Print version ISSN 0256-9574
SAMJ, S. Afr. med. j. vol.101 n.4 Cape Town Apr. 2011
Medical negligence pay-outs soar by 132% - subs follow
A combination of patient-claims litigators becoming smarter, fast evolving (and expensive) medical technology and growing patient awareness has sent the cost of reported negligence claims soaring by 132% in South Africa over the past two years.
This is according to the Medical Protection Society (MPS) the largest indemnity backer of health care professionals in the country (26 000 members). It says this is part of a world-wide trend, although patient awareness may be growing faster locally than in more mature democracies. Local MPS members have also experienced a 30% rise in the actual average number of claims over the past four years. There are currently 1 000 cases open for South African MPS medical members.
The net result is that MPS subscriptions shot up from 1 April this year, with the riskier disciplines such as obstetrics, spinal surgery and paediatrics (more specifically paediatricians undertaking any neonatal care) taking the hardest hits. This last group faces the largest increase (185%) because of the MPS's experience of 'catastrophic injury arising in this field', and has been bumped up into a higher risk subscription band, to now pay R26 230 annually. Paediatricians already in the neonatology category face lesser increases and those not doing any neonatology will pay 28% more at R11 750 per annum. Obstetricians and spinal surgeons will pay an extra 43.9% and 65.2% respectively, pushing their already hefty annual premiums to R187 830 and R174 700, respectively.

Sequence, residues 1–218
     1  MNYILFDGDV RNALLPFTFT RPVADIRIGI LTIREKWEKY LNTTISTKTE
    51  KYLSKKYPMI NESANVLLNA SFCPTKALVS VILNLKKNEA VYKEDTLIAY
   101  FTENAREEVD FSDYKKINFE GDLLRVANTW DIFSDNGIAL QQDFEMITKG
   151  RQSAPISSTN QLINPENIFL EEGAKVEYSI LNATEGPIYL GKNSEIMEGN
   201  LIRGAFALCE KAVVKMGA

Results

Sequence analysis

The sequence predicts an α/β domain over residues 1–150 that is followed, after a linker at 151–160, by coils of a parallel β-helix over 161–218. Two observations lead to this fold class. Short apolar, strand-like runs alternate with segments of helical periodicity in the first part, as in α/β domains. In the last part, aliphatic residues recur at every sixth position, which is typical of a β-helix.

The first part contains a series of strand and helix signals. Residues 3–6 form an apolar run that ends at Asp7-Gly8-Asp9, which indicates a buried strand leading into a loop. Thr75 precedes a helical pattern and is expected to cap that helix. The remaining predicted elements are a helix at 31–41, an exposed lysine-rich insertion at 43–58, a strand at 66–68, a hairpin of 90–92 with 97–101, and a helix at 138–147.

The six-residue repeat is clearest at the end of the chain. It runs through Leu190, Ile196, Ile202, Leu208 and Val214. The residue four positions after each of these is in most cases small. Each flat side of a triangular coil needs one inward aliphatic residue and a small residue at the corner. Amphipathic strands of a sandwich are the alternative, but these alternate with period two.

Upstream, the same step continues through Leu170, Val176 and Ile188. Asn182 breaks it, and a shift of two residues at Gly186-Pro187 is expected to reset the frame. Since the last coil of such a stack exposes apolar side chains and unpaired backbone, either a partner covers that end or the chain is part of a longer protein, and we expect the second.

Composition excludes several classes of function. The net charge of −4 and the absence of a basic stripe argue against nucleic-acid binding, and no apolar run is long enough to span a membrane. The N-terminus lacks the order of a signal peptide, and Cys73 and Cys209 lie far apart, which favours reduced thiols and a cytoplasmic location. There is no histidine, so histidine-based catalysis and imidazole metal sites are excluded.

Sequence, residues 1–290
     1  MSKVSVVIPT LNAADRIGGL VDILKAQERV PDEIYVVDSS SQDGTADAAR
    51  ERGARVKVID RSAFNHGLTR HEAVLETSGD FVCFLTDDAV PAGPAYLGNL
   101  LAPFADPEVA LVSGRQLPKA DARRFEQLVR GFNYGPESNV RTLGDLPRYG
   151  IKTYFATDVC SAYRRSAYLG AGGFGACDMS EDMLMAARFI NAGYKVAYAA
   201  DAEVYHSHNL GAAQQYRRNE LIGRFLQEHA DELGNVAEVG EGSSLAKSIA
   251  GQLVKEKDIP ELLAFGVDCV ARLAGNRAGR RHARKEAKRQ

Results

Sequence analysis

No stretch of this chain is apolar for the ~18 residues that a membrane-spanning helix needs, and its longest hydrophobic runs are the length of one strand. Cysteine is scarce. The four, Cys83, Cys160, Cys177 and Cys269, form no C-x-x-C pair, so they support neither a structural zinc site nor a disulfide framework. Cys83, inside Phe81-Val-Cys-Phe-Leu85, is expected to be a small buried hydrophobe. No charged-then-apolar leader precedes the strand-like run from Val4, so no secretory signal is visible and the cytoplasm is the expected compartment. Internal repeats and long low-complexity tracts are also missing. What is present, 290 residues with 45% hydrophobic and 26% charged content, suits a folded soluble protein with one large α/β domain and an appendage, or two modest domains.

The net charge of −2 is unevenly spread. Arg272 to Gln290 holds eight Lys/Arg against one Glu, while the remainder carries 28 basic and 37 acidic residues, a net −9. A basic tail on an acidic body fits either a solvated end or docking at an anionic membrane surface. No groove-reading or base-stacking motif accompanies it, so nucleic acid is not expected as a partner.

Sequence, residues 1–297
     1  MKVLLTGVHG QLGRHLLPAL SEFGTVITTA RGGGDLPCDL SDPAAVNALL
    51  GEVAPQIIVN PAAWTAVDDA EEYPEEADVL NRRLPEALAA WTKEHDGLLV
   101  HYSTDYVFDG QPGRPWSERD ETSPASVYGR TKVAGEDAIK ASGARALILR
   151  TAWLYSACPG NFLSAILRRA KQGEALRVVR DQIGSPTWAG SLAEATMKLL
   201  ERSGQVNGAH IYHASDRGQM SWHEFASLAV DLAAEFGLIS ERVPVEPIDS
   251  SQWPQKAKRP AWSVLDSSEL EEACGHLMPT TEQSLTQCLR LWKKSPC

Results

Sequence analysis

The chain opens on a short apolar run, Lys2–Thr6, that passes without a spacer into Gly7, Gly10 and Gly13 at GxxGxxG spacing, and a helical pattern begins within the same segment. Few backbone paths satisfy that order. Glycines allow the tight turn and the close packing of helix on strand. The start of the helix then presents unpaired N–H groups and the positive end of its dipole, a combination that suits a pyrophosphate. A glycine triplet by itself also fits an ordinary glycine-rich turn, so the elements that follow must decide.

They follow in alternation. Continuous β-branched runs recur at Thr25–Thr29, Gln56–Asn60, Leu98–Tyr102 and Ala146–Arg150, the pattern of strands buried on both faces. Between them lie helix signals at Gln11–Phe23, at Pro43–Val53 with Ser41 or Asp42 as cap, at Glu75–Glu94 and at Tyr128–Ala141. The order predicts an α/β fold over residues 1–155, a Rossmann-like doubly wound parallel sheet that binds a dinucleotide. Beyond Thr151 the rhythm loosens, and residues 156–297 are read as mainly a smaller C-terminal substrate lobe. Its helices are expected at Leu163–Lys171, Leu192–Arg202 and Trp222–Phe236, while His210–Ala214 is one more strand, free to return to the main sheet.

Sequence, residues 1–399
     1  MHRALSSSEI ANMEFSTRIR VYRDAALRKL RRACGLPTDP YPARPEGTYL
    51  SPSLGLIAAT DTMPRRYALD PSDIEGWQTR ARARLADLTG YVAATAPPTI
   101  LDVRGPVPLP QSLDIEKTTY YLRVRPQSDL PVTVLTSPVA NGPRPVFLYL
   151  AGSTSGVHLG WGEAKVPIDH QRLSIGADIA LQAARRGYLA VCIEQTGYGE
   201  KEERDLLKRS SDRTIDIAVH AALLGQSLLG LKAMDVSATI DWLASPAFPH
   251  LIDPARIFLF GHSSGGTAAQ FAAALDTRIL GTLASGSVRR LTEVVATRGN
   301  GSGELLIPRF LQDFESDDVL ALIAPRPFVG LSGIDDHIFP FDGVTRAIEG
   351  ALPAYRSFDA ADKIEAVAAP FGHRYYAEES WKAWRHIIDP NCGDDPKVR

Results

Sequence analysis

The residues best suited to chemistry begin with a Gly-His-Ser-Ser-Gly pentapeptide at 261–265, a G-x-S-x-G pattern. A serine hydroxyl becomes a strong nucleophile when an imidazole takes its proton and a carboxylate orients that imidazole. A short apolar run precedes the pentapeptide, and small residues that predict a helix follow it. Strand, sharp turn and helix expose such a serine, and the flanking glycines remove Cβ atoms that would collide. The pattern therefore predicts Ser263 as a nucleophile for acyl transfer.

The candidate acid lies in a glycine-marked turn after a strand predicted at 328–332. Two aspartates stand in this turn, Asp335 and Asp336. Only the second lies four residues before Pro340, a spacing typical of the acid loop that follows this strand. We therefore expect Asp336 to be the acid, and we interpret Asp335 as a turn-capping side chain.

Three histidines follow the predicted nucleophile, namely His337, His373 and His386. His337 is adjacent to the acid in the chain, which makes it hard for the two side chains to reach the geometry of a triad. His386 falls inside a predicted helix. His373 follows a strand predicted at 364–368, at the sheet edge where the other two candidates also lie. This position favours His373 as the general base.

Gynaecology, trauma surgery and orthopaedic surgery, plastic and reconstructive surgery, bariatric surgery and fertility medicine come in at R101 830, a 48% hike. Least affected will be medical interns (R100, no increase) and non-procedural GPs (R7 750, a 10.1% increase).
The bigger hikes reflect the increase in the cost of compensation awards made to young children harmed by negligent treatment and specifically the substantial cost of funding life-time care packages. According to Dr Graham Howarth, MPS Head of Medical Services for Africa, obstetricians, spinal surgeons and paediatricians doing neonatal work statistically have the greatest chance of facing the most expensive negligence claims. The 132% spike in reported clinical negligence claims was across all claims, with the five highest between 2006 and last year representing more than twice the cost of settling the five highest over the preceding five years.
One neuro patient pay-out - R17 million
The costliest MPS settlement on behalf of a South African doctor yet was R17 million last year (a spinal/neurosurgery case), involving a patient who suffered catastrophic neurological damage.
Said Howarth: 'The most worrying thing is that the value of claims has increased exponentially over the last couple of years. I'm pretty certain it's not about doctors getting sloppy, but much more to do with patient awareness and even commercial lawyers advertising'. The price of patient care packages was also increasing as technology accelerated, enabling patients who suffered adverse events to live longer and have higher quality lives than before. Patient litigators were also becoming more astute as to what they could legitimately claim for. Howarth added: 'For (successful) paediatric and obstetric claimants, you're looking at a lifetime of care nowadays whereas 10 -15 years ago they wouldn't have survived. When it comes to (budgeting for) technology we predict forward 30-40 years, plus factor in inflation over and above that,' he explained. He cited a simple example of children who could no longer walk having to change their wheelchair as they grew older, plus caregiving and architectural design and building costs as disabled patients were forced to alter their living environments to cope.